What an utter waste of time.
Tom McCarthy is fast becoming the Kate Winslet of the literary world-so much of his work is exceptional, so now they nominate him based on the assumption that this book is good too (Yeah, Winslet, I’m coming for you. Nice accent in Steve Jobs)
I picked up McCarthy’s Satin Island because it was longlisted for the Man Booker Prize. There’s only been a few times where I profoundly disliked a book that received that honor, but this is one of them. Look, I love metaphors about life and society as much as the next bitch, but at a certain point, something actually has to happen. And for all of the Big Ideas and fancy window dressing, nothing of interest happened in this book. At one point, I actually closed the book and thought, “What if this book is supposed to be a parody, skewering the preferred obnoxious literary clichés from the latest crop of male, white authors? It’s gotta be that, right?” It wasn’t.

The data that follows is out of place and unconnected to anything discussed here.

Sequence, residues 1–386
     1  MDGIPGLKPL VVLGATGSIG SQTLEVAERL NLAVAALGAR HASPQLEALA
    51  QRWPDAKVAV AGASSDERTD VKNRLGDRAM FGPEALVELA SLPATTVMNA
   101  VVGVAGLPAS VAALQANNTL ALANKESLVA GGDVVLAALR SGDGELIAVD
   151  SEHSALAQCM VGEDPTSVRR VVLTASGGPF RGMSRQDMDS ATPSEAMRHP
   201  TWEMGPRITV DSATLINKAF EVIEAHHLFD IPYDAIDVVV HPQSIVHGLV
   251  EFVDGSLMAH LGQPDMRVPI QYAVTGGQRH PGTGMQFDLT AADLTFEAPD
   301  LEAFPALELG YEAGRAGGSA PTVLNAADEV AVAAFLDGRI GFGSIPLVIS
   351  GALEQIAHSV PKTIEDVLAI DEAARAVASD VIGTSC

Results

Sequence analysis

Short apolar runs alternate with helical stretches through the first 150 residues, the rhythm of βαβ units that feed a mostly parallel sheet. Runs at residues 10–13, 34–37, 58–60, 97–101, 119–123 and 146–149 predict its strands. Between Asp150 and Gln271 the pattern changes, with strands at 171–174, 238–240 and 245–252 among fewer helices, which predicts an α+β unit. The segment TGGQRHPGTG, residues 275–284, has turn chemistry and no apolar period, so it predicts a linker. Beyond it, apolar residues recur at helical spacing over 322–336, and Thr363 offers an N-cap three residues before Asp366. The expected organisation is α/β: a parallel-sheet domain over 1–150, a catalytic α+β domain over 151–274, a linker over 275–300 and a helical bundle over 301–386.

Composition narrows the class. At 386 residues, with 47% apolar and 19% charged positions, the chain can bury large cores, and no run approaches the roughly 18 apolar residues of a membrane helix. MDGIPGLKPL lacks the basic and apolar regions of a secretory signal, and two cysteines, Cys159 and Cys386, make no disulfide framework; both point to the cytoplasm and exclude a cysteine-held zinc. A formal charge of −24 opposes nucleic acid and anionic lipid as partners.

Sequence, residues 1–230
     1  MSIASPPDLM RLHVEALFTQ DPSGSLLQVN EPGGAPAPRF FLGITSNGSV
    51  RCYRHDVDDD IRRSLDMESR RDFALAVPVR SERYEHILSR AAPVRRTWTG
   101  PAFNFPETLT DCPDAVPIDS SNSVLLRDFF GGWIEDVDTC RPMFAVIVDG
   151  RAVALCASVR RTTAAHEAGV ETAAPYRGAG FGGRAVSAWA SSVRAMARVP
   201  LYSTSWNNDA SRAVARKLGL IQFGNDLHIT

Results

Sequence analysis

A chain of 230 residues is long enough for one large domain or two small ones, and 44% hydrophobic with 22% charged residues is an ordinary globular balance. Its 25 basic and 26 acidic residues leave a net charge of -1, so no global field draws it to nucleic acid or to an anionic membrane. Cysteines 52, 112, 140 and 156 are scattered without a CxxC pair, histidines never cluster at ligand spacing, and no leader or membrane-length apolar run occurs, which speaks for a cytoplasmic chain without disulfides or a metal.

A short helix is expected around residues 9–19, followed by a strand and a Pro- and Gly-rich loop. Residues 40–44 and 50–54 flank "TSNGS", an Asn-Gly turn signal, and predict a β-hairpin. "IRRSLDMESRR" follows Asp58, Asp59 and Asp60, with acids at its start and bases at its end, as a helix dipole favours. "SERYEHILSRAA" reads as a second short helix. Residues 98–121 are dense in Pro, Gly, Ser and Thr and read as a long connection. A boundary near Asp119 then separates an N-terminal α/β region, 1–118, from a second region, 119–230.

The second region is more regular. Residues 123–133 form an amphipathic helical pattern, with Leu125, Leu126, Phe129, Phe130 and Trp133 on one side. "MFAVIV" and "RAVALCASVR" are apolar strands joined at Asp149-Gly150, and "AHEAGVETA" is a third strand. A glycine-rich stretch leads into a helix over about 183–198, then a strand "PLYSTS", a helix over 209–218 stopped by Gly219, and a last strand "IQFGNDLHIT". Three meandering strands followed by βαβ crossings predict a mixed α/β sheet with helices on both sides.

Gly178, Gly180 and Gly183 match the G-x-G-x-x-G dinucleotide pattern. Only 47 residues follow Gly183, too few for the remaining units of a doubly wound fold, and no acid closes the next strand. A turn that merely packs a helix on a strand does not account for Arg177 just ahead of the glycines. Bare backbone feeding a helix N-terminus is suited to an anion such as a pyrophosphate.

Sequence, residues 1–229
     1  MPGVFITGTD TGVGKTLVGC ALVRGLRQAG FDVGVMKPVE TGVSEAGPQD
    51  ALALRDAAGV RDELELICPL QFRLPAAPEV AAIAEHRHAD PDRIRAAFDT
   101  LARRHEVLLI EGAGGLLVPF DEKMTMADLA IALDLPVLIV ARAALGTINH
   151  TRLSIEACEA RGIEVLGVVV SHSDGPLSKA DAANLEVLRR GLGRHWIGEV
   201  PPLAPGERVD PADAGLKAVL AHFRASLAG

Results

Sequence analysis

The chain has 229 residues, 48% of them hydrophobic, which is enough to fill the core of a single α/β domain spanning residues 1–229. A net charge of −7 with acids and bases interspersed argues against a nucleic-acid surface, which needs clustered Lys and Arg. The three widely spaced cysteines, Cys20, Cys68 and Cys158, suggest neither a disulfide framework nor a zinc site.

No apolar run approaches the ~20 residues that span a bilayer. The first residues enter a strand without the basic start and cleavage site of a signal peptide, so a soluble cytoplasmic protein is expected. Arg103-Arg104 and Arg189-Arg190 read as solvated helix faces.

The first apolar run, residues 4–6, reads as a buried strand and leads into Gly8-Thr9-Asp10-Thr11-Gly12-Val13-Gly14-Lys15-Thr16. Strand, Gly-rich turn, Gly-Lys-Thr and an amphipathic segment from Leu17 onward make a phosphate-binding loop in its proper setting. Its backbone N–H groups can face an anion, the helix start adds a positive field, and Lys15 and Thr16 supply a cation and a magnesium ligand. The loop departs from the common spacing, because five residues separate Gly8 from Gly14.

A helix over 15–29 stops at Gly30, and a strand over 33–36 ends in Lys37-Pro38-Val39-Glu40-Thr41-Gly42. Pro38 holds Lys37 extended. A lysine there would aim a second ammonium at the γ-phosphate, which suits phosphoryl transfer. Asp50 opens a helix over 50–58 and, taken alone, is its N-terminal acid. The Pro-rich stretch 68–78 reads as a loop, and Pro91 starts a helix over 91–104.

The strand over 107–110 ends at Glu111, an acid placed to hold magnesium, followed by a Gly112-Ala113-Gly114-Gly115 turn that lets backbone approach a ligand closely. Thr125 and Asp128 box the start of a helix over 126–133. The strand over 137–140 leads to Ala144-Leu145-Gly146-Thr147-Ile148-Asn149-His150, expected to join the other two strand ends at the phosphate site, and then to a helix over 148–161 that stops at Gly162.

Satin Island is about an anthropologist named U (really), who’s tasked by The Company (still really) to compile the “Great Report” an all-encompassing document meant to be “the first and last word on our age…name what’s taking place right now.” U goes about this by looking at maps at oil spills and studying suspicious skydiving deaths. Meanwhile, he’s sleeping with this chick who’s down for anything, except talking about her feelings (I think the only female character in the book, I don’t know. My brain has already started to evict the memories of this book). That thin plot only serves as an excuse for U to pontificate for a mercifully short 180 pages about the meaning of stuff. And things.
At the end of the day, I keep circling back to the same thought-what was the fucking point of this book? I have no idea.